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In the case of skin, those bacteria on the surface jealously guard their home and invading bacteria find it difficult to find nutrients and space to grow. Invading bacteria can also be attacked by existing bacteria using chemical warfare.

A new two-part SBS documentaryLife on Uslooks at the bugs that make our body their home, using new tools to visualise these microscopic creatures. The first one-hour episode airs on SBS One at 8:30pm on Sunday, April 27.

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Bugs affect us in a variety of ways: some bad, such as infections, but many good. From the passing of helpful bacteria from mother to baby, to the defence of our skin and intestine from disease-causing bacteria, our resident bugs are with us throughout the course of our lives.

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The two-part series is a co-production betweenAustraliaandFrance, with the Aussie trailer heavy on monsters and dramatic music and the French version heavy on lingering shots of human bodies.

Many microscopic bugs and bacteria live on our skin and within our various nooks and crannies. Almost anywhere on (or even within) the human body can be home to these enterprising bugs.

Two of the main stories in the first episode focus on belly button bacteria and on the many varieties of lice.

Unfortunately, as the documentary points out, once your skin is broken these invaders can get inside easily. Often this causes a local infection, but sometimes it causes problems throughout your body.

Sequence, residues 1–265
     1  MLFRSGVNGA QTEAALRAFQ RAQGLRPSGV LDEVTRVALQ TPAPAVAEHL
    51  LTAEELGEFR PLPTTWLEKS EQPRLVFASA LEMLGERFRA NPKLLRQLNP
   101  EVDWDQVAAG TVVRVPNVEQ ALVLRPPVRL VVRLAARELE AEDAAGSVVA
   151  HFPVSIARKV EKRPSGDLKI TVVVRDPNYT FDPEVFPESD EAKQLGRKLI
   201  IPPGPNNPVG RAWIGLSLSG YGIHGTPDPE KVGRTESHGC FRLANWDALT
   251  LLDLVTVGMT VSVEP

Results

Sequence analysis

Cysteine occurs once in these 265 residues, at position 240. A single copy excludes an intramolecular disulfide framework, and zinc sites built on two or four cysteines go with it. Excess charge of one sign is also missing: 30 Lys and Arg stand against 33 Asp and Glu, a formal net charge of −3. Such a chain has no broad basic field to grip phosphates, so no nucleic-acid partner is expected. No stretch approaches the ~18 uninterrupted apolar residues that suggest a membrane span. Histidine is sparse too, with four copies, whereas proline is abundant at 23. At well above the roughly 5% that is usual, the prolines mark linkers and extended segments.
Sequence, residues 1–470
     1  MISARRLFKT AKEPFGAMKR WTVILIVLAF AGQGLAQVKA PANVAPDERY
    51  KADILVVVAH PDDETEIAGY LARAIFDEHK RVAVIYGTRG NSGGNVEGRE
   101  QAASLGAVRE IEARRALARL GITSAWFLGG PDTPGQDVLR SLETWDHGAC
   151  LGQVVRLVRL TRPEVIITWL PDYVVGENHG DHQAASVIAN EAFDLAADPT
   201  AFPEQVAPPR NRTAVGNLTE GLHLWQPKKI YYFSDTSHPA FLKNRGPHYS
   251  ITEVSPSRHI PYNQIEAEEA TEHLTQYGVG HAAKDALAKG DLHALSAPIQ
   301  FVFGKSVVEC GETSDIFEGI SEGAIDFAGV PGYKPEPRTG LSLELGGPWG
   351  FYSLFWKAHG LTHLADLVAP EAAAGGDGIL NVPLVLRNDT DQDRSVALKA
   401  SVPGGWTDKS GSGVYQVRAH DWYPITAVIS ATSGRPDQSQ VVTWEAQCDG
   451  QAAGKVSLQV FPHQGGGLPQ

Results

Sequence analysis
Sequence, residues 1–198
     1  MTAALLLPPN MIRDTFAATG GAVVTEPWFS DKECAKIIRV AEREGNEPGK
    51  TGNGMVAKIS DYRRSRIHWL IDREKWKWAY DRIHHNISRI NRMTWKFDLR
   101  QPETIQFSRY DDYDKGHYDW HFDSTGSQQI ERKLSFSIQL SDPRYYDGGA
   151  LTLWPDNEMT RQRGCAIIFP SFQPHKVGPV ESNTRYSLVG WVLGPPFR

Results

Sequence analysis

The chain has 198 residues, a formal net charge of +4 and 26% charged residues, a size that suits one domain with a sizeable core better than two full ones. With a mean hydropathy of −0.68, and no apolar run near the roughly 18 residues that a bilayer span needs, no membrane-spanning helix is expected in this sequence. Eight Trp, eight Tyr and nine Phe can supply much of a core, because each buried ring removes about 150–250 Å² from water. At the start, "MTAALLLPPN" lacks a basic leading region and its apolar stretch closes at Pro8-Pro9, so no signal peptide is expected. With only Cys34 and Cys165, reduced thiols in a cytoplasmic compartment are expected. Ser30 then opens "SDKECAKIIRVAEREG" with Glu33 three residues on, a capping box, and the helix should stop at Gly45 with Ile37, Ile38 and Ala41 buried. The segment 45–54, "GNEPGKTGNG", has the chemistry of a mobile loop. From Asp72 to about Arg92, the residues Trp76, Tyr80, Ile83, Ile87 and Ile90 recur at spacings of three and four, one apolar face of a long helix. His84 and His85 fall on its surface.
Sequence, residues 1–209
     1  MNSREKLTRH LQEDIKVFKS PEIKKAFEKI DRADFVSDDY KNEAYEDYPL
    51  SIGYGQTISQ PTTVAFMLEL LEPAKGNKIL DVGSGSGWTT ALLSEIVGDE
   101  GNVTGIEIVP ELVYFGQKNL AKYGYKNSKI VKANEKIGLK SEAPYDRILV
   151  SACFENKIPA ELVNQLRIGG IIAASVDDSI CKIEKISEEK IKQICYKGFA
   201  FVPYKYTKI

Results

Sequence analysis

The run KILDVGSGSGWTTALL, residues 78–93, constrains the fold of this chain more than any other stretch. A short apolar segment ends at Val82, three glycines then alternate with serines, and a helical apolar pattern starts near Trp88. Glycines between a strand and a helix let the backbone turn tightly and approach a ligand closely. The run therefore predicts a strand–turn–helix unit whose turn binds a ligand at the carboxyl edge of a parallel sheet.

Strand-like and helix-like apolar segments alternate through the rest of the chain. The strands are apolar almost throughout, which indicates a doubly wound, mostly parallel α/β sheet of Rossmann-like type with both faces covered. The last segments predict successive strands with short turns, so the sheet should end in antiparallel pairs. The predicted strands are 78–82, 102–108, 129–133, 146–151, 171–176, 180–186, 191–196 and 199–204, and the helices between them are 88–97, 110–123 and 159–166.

Bugs can also affect how we think. Among the fascinating tit-bits is the story oftoxoplasmosisand risk-taking behaviour. Toxoplasmosis is an infection commonly picked up from cat poo that can cause serious harm to pregnant woman or other people with a weakened immune system.

In rats or mice, this infection is associated with behaviour that makes it more likely that theyll be caught by a cat. In humans, it was associated with anincreased likelihoodof putting themselves in a risky situation.

These invaders might be bad bacteria like those responsible for food poisoning. Or it may be good bacteria such as those found inyogurt. In either case, the invaders are at a distinct disadvantage.

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Paul Bertrand receives funding from National Health and Medical Research Council for projects relating to gastrointestinal health and disease.

Life on Usairs on SBS One at 8:30pm on Sunday, April 27.

RMIT UniversityandVictoria State Governmentprovide funding as strategic partners of The Conversation AU.

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I was also interested in the role of toxoplasmosis in human behaviour. However, the story of itstentative links with psychiatric diseasewas not discussed. The controversy and complexity around this topic could have provided more insight into the scientific method.

The documentary links our loss of hair (to get rid of these parasites) with the lighter coloured skin of cooler climate people. It even looks at why we have some lice that came from ournearest simian neighbours in this case, there must have been some close physical contact. Despite some aspersions cast on our early ancestors, this makes for a complex and interesting tale.